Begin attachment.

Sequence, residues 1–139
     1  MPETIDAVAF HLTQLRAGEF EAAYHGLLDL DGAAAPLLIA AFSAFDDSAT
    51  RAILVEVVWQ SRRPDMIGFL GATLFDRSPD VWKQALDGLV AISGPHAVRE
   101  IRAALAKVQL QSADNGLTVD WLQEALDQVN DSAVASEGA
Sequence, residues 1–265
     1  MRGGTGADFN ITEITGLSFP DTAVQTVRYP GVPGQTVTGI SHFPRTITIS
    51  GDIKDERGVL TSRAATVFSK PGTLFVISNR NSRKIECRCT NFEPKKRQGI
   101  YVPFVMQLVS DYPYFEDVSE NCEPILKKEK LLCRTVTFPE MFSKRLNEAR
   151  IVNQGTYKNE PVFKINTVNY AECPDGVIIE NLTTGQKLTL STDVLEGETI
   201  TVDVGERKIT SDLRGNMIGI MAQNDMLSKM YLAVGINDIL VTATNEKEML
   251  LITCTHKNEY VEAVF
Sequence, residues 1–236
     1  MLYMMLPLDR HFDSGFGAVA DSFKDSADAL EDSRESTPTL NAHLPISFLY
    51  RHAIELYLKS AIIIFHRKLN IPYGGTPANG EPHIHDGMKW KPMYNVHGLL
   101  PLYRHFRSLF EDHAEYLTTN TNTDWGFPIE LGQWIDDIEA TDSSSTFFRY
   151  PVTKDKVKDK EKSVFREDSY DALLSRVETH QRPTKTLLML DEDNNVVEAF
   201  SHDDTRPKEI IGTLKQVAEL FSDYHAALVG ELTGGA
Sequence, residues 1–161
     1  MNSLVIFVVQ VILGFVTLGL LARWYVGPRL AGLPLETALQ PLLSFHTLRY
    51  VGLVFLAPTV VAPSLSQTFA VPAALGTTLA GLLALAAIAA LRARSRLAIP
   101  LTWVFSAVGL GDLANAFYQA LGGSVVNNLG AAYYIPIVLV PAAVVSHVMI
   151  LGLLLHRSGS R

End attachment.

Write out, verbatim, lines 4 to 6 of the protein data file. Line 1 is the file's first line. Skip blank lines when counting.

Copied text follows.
   101  IRAALAKVQL QSADNGLTVD WLQEALDQVN DSAVASEGA
Sequence, residues 1–265
     1  MRGGTGADFN ITEITGLSFP DTAVQTVRYP GVPGQTVTGI SHFPRTITIS